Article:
Benchmarks / Comparison
Wolfenstein: Enemy Territory
Engine Based Freebie
We also ran through a
batch of timedemos with the OpenGL game Wolfenstein:
ET is a free, standalone multiplayer game that is based
on the original Return to Castle Wolfenstein, which was
released a few years back. It uses a heavily
modified version of the Quake 3 engine which makes it a
very easy to use benchmarking tool. We created a
custom demo and used the built-in timedemo feature to
check each card's frame rate. The tests below were
run at 1024x768 and again at 1600x1200, without
anti-aliasing and with 4X AA.
It looks like
Wolfenstein is another benchmark that plays to the GeForce
5700 Ultra's strengths. The Ultra held no less than a
16FPS lead with NO AA and hardly blinked when we turned on
4X AA. The two ATi cards, on the other hand, took
severe performance hits with 4X AA enabled, reaching only
1/3 the FPS the GeForce card was capable of.
Overclocking with the Gigabyte GV-R96X128D 9600XT
is Good. Faster is Better!
One of the
highlights of Radeon XT cards are their inherent
overclockability. However, when we installed the
GV-R96X128D and the Catalyst 4.1s, no Overdrive option was
present. For some reason this feature was not enabled
by default. Nonetheless, Gigabyte did include their
own overclocking utility, although we found it quite
cumbersome to work with. The interface would not let
us dial in precise speeds, instead rounding up or down
several MHz, making it difficult to hone in on the peak
setting. We also found the clock scales limiting, not
letting us hit the higher end of the spectrum. So we
had to seek the assistance of Rage3D Tweak to get the job
We have to
admit, the GV-R96X128D can overclock like a son-of-a-gun.
Using Rage3D Tweak, we increased the GPU by 76MHz and the
memory by 140MHz effective clock rate. This resulted
in an increase of over 54% in Gun Metal scores. That didn't
seem right when you consider the GPU was running 15% over
stock and the memory was increased by 23%, but that's what
we got. In fact, our Tech Writer Rob Maloney saw
similar behavior when he reviewed the ATI 9600XT back in
October when he topped out at a gain of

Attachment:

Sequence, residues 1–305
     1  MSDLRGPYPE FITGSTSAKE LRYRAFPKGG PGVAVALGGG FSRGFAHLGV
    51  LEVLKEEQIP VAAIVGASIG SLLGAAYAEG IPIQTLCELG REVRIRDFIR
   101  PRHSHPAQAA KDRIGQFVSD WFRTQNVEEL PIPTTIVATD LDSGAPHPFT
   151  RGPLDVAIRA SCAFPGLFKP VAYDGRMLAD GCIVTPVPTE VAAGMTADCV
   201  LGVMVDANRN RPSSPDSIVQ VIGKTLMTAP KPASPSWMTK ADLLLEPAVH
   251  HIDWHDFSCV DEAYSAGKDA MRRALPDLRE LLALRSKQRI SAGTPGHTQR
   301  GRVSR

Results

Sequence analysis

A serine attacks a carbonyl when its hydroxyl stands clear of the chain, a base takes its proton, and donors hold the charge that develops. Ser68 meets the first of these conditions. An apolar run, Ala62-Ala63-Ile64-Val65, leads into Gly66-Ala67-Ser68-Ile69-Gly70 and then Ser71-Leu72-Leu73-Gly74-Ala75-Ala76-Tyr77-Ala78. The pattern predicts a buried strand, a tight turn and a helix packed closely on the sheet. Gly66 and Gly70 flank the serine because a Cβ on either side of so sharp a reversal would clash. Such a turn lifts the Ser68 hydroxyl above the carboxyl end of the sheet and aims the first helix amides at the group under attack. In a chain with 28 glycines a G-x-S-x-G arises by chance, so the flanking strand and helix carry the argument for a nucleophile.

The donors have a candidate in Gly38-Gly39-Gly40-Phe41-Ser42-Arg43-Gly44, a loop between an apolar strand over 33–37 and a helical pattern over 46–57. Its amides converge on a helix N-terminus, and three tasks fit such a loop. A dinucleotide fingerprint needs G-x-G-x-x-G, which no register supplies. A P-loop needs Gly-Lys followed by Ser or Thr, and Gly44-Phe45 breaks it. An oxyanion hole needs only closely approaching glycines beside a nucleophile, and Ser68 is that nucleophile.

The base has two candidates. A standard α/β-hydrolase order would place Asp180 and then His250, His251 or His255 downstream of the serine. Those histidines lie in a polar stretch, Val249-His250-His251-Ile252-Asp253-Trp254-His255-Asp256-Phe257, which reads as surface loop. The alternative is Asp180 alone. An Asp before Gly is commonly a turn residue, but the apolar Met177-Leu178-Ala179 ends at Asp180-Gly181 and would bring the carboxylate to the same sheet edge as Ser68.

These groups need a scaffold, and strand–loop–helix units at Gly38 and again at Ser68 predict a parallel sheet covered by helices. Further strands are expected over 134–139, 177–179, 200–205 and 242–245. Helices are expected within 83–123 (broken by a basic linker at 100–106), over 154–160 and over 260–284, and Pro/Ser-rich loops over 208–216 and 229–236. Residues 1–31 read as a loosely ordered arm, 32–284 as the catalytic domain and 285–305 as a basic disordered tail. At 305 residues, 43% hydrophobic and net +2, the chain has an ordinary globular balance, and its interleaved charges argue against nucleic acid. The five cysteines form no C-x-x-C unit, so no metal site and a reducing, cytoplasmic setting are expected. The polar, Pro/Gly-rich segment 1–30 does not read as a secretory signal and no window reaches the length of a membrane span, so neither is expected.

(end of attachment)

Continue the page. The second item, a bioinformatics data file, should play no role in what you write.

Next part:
As we wrap
things up, we walked away with a pretty good feeling about
the GV-R96X128D from Gigabyte. The card performed
quite well overall and posted impressive overclocking
results. We were however, disappointed that the
Overdrive feature was not enabled by default. Perhaps
it was an oversight or it's that Gigabyte wanted to push
their own overclocking utility instead. Nonetheless,
we did find that a newer BIOS was available for the card
that enabled Overdrive, but those of you running "legacy
free" systems will need to dig up that old floppy drive in
order to flash the card. Overclocking issues aside, we
found the card to be a good performer overall, putting up
competitive scores and best of class image quality.
When you factor how ATi based graphics cards can perform on
par to NVIDIA's cards without the need for oversized
cooling, you are getting a card that performs efficiently
and one that should enjoy a long lifespan since it doesn't
have excessive heat to control. In fact, when we were
finished testing our 5700 Ultra reference card, we found the
RAM chips extremely hot under normal load. That must have a
negative effect on the components overtime.
We found the
GV-R96X128D selling at
www.newegg.com for $169.99 and sporting a solid customer
rating. We can only agree with them. However, we
found the slightly better performing 5700 Ultra available
for an additional $5. If you want the best frame rate
you can get for a card in this class, perhaps the 5700 Ultra
is a better choice, depending on what games you are running.
When it comes down to it, we'd opt for the Gigabyte
GV-R96X128D 9600XT for its cooler, more efficient design and
seemingly better overall image rendering.
We give the GV-R96X128D from Gigabyte a Hot Hardware Heat
Meter Rating of a...
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